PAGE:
fonte: Prefeitura de Jundaí

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Não deixe de visitar também o site completo. Temos vários detalhes na barra lateral que não aparecem no feed! :)

Todos poderão apostar na Mega Sena via internet a partir de março

Todos poderão apostar na Mega Sena via internet a partir de março:

Eu já imaginei o que faria se de repente ganhasse alguns milhões de reais na minha conta. Quem nunca? Mas, pra isso acontecer, ou você constrói uma carreira lucrativa, ou herda uma fortuna, ou ganha na Mega Sena. Bem, a última alternativa ficará mais acessível: Fábio Ferreira Cleto, da Caixa Econômica Federal, diz que o banco está em estudos avançados para lançar a Mega Sena via internet, “com expectativa de lançamento marcado para março de 2012″.

A Mega Sena online já existe, mas só pra quem tem conta na Caixa – a ideia é ampliar o serviço a todos. Cleto explica que o apostador poderá fazer as apostas no site da Caixa, e “vai conseguir imprimir e ter lá registrados todos os seus boletos de aposta”.

Mas como as apostas serão pagas? Segundo Cleto, será criada uma “carteira eletrônica” na qual você poderá colocar dinheiro e usá-lo para pagar suas apostas. Ele não deu mais detalhes sobre como este sistema vai funcionar, mas disse que esperam anunciá-la “em março de 2012″.

Enquanto não sabemos como gastar na Mega Sena online, conte-me: o que você faria se ganhasse? [Agência Brasil via IDG]

Mega Sena com os números da Iniciativa Dharma por FoXMuLD3R/Flickr

sexta-feira, 7 de outubro de 2011

Dark Energy FAQ

Dark Energy FAQ:

In honor of the Nobel Prize, here are some questions that are frequently asked about dark energy, or should be.

What is dark energy?

It’s what makes the universe accelerate, if indeed there is a “thing” that does that. (See below.)

So I guess I should be asking… what does it mean to say the universe is “accelerating”?

First, the universe is expanding: as shown by Hubble, distant galaxies are moving away from us with velocities that are roughly proportional to their distance. “Acceleration” means that if you measure the velocity of one such galaxy, and come back a billion years later and measure it again, the recession velocity will be larger. Galaxies are moving away from us at an accelerating rate.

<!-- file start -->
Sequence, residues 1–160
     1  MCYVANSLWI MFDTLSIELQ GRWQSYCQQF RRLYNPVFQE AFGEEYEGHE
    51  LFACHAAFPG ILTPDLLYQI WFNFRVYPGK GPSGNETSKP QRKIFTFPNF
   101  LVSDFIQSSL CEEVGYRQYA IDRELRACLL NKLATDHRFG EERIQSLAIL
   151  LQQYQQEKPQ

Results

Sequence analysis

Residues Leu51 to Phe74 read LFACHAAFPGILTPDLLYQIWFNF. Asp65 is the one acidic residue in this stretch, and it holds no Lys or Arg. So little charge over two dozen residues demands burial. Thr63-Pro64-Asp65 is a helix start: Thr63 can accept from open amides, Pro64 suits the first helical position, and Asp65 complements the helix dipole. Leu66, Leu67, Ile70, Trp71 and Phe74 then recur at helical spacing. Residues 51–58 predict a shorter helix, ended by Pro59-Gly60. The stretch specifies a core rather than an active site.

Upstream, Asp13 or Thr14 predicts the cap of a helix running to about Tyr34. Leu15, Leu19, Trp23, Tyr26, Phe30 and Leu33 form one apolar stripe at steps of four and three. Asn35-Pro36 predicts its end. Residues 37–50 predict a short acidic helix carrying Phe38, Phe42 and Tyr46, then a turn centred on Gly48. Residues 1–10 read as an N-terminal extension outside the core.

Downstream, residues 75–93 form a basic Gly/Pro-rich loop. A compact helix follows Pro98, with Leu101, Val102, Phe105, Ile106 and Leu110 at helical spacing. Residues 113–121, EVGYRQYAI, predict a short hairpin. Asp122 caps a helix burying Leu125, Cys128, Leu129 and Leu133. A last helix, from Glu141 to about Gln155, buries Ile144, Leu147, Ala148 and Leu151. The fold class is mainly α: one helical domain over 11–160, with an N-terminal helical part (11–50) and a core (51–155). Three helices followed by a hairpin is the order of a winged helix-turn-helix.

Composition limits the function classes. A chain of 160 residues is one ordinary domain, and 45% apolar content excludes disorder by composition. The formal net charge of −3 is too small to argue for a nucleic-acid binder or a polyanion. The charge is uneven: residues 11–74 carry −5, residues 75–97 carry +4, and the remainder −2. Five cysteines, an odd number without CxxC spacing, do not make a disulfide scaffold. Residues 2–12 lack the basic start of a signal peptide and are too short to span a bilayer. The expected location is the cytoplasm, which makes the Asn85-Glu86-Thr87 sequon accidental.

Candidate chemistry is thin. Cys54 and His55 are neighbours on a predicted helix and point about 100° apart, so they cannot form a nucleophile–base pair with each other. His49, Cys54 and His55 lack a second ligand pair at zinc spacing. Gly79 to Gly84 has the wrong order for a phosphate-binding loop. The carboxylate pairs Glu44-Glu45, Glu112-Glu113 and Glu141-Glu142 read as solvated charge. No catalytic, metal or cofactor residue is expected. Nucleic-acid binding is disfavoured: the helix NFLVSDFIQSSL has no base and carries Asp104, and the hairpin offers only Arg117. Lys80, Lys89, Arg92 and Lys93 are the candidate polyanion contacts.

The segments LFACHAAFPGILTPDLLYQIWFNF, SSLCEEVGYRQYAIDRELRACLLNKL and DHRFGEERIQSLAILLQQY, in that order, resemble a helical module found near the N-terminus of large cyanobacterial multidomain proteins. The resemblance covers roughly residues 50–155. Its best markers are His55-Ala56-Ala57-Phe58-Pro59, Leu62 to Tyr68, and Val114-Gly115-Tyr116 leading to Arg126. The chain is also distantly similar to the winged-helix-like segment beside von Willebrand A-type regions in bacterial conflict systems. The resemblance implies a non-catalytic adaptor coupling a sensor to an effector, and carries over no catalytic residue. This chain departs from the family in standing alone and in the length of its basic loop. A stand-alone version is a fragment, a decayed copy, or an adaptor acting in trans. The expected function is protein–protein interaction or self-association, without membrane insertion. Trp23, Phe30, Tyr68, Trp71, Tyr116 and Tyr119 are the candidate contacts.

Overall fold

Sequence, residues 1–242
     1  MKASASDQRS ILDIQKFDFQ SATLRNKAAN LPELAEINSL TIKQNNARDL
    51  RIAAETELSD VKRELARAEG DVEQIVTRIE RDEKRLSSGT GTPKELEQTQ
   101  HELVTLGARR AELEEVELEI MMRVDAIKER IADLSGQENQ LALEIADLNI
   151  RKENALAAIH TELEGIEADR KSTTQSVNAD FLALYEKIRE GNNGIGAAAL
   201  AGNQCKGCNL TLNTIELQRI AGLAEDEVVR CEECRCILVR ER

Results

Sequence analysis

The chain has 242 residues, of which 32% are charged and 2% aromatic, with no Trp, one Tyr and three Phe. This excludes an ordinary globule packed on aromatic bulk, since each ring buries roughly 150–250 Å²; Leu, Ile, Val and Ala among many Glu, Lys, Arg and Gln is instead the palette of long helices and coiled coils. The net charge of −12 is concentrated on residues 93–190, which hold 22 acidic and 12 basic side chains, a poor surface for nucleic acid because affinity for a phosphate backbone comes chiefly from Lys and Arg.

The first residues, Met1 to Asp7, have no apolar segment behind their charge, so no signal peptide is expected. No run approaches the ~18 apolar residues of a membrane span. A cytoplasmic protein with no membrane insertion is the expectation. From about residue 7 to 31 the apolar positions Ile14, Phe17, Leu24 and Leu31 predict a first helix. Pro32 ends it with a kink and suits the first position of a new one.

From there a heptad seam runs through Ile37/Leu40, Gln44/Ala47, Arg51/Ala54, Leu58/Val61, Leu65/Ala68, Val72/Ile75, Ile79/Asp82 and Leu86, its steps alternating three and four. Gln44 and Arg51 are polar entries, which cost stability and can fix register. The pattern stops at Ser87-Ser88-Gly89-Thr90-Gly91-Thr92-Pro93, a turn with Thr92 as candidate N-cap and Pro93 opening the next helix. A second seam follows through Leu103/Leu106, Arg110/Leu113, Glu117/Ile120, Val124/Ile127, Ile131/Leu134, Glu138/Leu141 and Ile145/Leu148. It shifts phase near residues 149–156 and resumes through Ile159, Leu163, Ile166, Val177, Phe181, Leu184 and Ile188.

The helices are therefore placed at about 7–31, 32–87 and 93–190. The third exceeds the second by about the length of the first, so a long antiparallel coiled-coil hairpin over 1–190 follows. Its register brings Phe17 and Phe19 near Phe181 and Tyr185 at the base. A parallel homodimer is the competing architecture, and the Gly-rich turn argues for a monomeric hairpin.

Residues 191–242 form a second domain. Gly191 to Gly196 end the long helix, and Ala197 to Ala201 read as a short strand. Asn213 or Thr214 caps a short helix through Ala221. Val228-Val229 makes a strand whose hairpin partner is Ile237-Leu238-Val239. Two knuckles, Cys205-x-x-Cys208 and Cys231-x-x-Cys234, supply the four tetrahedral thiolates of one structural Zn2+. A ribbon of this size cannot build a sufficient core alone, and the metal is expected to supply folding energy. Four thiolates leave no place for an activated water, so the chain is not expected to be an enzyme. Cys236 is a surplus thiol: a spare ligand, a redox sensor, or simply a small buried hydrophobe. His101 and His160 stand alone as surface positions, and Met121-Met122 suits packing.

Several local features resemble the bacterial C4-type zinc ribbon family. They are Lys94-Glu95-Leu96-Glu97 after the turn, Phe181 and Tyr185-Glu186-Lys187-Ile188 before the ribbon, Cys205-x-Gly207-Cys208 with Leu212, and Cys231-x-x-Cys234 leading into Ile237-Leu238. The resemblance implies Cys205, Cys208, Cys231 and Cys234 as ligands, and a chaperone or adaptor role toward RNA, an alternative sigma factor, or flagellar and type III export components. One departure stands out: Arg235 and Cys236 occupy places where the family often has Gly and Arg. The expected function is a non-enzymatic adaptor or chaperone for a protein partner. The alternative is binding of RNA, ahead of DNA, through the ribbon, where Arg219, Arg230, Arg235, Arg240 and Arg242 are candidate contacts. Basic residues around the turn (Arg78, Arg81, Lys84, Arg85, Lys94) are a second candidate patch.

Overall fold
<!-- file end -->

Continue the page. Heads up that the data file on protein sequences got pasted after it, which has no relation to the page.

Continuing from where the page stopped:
But that’s so down-to-Earth and concrete. Isn’t there a more abstract and scientific-sounding way of putting it?

The relative distance between far-flung galaxies can be summed up in a single quantity called the “scale factor,” often written a(t) or R(t). The scale factor is basically the “size” of the universe, although it’s not really the size because the universe might be infinitely big — more accurately, it’s the relative size of space from moment to moment. The expansion of the universe is the fact that the scale factor is increasing with time. The acceleration of the universe is the fact that it’s increasing at an increasing rate — the second derivative is positive, in calculus-speak.

Does that mean the Hubble constant, which measures the expansion rate, is increasing?

No. The Hubble “constant” (or Hubble “parameter,” if you want to acknowledge that it changes with time) characterizes the expansion rate, but it’s not simply the derivative of the scale factor: it’s the derivative divided by the scale factor itself. Why? Because then it’s a physically measurable quantity, not something we can change by switching conventions. The Hubble constant is basically the answer to the question “how quickly does the scale factor of the universe expand by some multiplicative factor?”

If the universe is decelerating, the Hubble constant is decreasing. If the Hubble constant is increasing, the universe is accelerating. But there’s an intermediate regime in which the universe is accelerating but the Hubble constant is decreasing — and that’s exactly where we think we are. The velocity of individual galaxies is increasing, but it takes longer and longer for the universe to double in size.

Said yet another way: Hubble’s Law relates the velocity v of a galaxy to its distance d via v = H d. The velocity can increase even if the Hubble parameter is decreasing, as long as it’s decreasing more slowly than the distance is increasing.